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Norfolk’s Yield Network finds farming inspiration on tour of the South West

PUBLISHED: 12:41 24 May 2018 | UPDATED: 13:15 24 May 2018

Members of Norfolk's YIELD (young, innovating, enterprising, leading and developing) farming network made their inaugural tour to the South West. Picture: Luke Paterson

Members of Norfolk's YIELD (young, innovating, enterprising, leading and developing) farming network made their inaugural tour to the South West. Picture: Luke Paterson

Luke Paterson

Young farming professionals from Norfolk travelled across the country to gain inspiration from innovative food businesses in the South West of England.

The Yield (young, innovating, enterprising, leading and developing) Network is an initiative started and supported by the Royal Norfolk Agricultural Association, with members aged 20 to 45.

Having hosted meetings and business visits in Norfolk, the decision was made to venture out of the county for the group’s inaugural tour, which took seven members to visit four successful companies around Bristol, Somerset and Devon.

One of the tours was with Martin Thatcher, who appears in the TV adverts for Thatchers Cider. He discussed his business strategy with the Norfolk visitors.

“The Thatchers are an incredibly successful farming family,” said Yield chairman Andrew Spinks. “One of his most interesting comments was that, in a time where often farmers are told to diversify he decided that to be successful and be in the top percentage of cider producers – the ones who survived in the hard times – that he needed to solely focus on cider.

“Diversification causes distraction from the core business and means that you can’t be the best in your industry – an interesting thought. The factory tour was phenomenal; scale, technology and tradition combined to make a wonderful product.”

Another visit was to Bioaqua farm – the largest aquaponic trout farm in Europe, founded by Italian-born former chef Antonio Paladino.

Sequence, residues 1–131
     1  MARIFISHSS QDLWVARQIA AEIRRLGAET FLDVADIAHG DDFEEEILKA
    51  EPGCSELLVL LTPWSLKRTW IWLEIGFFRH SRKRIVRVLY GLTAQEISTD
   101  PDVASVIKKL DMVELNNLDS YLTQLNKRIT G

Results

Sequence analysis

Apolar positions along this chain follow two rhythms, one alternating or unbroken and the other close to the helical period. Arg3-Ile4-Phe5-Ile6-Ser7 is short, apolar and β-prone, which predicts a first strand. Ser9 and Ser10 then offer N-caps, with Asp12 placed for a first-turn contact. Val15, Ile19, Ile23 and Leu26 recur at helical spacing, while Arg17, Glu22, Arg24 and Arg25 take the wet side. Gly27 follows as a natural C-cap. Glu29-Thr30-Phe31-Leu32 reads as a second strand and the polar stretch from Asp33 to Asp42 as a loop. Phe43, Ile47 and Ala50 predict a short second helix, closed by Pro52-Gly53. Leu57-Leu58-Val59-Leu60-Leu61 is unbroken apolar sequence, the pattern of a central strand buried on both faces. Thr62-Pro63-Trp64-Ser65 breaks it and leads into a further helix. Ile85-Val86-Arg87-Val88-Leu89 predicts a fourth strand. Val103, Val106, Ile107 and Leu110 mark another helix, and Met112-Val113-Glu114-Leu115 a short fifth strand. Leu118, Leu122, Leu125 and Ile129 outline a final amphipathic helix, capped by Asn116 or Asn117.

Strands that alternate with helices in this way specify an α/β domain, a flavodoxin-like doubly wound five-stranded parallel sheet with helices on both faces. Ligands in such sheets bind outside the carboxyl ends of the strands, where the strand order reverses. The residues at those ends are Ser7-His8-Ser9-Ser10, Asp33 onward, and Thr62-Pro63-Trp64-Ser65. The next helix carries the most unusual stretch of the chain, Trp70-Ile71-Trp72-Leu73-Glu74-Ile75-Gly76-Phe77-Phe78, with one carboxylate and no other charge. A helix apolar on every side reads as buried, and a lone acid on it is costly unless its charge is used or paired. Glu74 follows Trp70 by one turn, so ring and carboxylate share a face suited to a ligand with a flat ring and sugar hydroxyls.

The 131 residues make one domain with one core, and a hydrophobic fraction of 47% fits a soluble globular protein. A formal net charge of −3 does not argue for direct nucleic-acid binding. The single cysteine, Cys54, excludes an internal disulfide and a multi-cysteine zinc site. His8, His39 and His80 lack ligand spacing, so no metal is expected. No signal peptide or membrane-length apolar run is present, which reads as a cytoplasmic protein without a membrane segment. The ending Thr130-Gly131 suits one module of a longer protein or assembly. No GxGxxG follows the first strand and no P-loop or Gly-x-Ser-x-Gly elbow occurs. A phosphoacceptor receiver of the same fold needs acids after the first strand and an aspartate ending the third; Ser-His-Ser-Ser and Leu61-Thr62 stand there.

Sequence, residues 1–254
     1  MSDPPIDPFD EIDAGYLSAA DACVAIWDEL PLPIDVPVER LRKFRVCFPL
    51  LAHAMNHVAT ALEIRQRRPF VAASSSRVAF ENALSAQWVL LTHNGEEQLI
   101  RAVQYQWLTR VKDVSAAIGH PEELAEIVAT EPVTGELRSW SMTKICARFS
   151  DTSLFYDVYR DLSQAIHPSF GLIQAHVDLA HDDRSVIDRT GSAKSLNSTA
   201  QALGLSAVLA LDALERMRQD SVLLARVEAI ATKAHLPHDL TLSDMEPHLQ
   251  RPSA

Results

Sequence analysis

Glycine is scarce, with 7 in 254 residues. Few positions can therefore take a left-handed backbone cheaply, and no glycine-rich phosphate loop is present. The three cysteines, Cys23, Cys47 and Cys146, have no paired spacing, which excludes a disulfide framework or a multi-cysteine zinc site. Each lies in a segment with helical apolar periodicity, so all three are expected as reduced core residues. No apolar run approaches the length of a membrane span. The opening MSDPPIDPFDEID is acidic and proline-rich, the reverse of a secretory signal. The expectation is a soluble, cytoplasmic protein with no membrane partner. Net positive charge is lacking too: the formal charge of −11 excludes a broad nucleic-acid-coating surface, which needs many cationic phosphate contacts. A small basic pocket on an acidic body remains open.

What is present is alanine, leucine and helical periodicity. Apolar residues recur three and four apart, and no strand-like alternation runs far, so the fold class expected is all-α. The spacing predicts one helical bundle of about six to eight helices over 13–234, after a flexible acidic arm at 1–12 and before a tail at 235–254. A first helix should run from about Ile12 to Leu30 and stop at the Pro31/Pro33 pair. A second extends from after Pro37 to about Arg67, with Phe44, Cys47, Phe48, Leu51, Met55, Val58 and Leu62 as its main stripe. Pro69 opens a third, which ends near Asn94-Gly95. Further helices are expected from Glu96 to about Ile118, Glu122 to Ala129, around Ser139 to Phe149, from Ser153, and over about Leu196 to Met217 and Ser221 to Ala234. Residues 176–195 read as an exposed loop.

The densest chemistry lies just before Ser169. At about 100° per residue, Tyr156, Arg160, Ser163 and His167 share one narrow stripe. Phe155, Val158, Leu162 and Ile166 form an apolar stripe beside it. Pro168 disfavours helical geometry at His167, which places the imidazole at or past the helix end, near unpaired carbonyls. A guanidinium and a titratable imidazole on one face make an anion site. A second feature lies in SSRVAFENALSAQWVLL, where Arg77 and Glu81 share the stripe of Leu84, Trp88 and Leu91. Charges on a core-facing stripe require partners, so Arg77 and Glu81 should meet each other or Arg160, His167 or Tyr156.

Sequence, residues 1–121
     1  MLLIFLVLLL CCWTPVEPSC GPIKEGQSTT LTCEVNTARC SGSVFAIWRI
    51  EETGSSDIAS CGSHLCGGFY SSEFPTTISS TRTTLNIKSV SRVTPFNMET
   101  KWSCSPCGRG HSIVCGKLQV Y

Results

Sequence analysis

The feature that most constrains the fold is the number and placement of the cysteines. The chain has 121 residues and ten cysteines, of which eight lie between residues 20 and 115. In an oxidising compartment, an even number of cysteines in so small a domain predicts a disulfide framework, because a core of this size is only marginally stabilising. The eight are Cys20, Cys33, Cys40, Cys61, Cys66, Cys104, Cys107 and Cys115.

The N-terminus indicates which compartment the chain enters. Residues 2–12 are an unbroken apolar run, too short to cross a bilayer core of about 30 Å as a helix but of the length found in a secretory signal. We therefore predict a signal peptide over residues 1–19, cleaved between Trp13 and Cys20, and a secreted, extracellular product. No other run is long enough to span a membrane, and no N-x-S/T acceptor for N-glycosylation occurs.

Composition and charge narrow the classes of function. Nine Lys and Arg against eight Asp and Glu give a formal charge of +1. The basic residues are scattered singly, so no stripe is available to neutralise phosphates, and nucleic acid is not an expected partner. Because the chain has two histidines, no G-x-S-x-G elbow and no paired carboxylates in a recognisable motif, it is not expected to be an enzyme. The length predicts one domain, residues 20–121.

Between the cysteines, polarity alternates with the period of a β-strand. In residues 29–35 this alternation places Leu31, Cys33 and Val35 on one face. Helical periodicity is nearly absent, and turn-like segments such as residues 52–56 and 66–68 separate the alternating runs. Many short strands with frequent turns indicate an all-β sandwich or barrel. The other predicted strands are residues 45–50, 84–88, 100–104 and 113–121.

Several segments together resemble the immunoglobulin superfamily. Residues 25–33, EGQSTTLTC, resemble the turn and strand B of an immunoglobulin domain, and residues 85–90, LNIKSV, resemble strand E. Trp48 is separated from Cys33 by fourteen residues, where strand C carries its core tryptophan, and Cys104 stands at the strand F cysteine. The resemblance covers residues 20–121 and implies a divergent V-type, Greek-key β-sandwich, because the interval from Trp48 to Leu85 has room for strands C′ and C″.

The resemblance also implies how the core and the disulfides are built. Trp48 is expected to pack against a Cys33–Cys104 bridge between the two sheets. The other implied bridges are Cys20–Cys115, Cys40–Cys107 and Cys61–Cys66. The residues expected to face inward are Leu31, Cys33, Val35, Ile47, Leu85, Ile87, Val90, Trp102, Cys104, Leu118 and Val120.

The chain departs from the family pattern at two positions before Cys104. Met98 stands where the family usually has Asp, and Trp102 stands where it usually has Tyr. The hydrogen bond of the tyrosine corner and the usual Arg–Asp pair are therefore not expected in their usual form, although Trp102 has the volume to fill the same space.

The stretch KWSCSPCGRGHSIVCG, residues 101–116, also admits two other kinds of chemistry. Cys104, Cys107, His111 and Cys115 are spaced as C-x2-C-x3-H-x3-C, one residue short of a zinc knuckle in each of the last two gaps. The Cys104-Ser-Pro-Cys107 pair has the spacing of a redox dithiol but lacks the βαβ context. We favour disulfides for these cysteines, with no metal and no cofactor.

Mr Spinks, said: “His aquaponic system started with tanks of 600 trout which he fed with organic fish food, the water from the tanks was pumped around a number of growing beds which either contained clay growing granules or floating plant pot holders, growing in these beds an amazing array of interesting and flavou-filled vegetables and herbs, from where the water was then pumped – stripped of nutrients – back into the fish ponds. Antonio opened our eyes to a fresh attitude to food, an innovative system and some great tasting and unusual plants.”

The group also visited Lye Cross Dairy, where brothers John and Peter Alvis milk 750 cows and produce 45,000 tonnes of cheese a year, and met Mole Valley Farmers commercial director Keith Ockenden at the firm’s headquarters in South Molton.

Mr Spinks, who is an agricultural business consultant in the Norwich office of Brown and Co, said: “The common theme across these businesses was that they had taken agricultural product applied passion, ambition and skill to add value through processing and marketing.”

Yield members also met Rupert and James Cox from the Royal Bath and West Society.

• Yield is currently working on its program for next autumn, and welcomes invitations from businesses, individuals and organisations interested in hosting visits. Anyone aged 25 to 45 with an interest in agriculture and rural life is welcome to join the mailing list and attend events.

For more information, see the Royal Norfolk Agricultural Association website.


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